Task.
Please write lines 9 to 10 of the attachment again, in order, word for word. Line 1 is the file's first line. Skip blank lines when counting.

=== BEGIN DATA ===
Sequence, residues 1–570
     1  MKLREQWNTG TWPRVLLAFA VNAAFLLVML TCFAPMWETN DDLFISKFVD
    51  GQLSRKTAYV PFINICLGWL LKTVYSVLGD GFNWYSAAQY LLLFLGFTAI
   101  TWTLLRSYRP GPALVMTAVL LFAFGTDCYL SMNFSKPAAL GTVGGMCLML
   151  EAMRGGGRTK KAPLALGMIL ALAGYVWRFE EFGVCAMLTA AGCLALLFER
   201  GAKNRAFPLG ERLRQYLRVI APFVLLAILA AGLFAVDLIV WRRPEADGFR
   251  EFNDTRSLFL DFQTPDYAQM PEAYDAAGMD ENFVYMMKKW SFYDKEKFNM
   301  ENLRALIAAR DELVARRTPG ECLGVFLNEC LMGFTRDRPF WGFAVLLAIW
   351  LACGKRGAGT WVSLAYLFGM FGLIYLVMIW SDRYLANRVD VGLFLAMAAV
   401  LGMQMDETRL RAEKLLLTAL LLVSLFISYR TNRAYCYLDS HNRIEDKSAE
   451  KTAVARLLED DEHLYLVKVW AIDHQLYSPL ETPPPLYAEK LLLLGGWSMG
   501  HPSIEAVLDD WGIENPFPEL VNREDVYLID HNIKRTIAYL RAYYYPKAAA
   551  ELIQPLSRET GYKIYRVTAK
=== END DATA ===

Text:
   351  LACGKRGAGT WVSLAYLFGM FGLIYLVMIW SDRYLANRVD VGLFLAMAAV
   401  LGMQMDETRL RAEKLLLTAL LLVSLFISYR TNRAYCYLDS HNRIEDKSAE